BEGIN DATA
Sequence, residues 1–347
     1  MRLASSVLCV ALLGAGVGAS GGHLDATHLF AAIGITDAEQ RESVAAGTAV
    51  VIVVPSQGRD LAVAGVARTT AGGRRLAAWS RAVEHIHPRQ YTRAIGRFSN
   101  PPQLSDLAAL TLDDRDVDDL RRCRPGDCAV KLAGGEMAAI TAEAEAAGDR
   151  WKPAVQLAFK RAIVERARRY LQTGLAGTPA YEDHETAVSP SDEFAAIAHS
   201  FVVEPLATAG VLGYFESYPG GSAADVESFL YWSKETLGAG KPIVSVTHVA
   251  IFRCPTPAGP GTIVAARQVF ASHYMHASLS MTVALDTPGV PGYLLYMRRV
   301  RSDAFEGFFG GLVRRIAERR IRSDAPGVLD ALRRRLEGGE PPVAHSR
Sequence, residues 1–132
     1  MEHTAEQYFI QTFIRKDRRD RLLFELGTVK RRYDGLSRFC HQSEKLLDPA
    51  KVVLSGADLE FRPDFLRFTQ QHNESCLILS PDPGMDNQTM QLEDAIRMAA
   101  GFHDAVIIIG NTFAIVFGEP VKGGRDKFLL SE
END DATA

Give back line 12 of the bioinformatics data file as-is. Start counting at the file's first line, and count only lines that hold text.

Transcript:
   101  GFHDAVIIIG NTFAIVFGEP VKGGRDKFLL SE